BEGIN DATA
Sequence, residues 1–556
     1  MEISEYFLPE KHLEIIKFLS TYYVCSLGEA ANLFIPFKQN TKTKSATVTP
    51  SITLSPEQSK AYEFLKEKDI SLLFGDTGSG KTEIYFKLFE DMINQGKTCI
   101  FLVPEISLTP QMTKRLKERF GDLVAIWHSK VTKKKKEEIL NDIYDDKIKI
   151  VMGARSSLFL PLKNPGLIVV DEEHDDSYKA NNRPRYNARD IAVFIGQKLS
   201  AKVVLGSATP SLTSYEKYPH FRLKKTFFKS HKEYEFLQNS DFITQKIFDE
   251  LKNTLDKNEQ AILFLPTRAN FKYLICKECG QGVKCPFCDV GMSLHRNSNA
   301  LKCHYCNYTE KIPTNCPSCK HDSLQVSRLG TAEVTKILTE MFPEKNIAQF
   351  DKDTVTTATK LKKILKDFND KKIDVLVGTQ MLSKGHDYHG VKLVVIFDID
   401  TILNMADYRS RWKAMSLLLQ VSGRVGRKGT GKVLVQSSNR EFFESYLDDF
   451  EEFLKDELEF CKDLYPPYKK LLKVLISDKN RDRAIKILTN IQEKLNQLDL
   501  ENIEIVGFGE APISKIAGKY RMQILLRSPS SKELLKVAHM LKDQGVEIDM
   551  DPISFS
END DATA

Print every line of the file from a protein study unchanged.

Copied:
Sequence, residues 1–556
     1  MEISEYFLPE KHLEIIKFLS TYYVCSLGEA ANLFIPFKQN TKTKSATVTP
    51  SITLSPEQSK AYEFLKEKDI SLLFGDTGSG KTEIYFKLFE DMINQGKTCI
   101  FLVPEISLTP QMTKRLKERF GDLVAIWHSK VTKKKKEEIL NDIYDDKIKI
   151  VMGARSSLFL PLKNPGLIVV DEEHDDSYKA NNRPRYNARD IAVFIGQKLS
   201  AKVVLGSATP SLTSYEKYPH FRLKKTFFKS HKEYEFLQNS DFITQKIFDE
   251  LKNTLDKNEQ AILFLPTRAN FKYLICKECG QGVKCPFCDV GMSLHRNSNA
   301  LKCHYCNYTE KIPTNCPSCK HDSLQVSRLG TAEVTKILTE MFPEKNIAQF
   351  DKDTVTTATK LKKILKDFND KKIDVLVGTQ MLSKGHDYHG VKLVVIFDID
   401  TILNMADYRS RWKAMSLLLQ VSGRVGRKGT GKVLVQSSNR EFFESYLDDF
   451  EEFLKDELEF CKDLYPPYKK LLKVLISDKN RDRAIKILTN IQEKLNQLDL
   501  ENIEIVGFGE APISKIAGKY RMQILLRSPS SKELLKVAHM LKDQGVEIDM
   551  DPISFS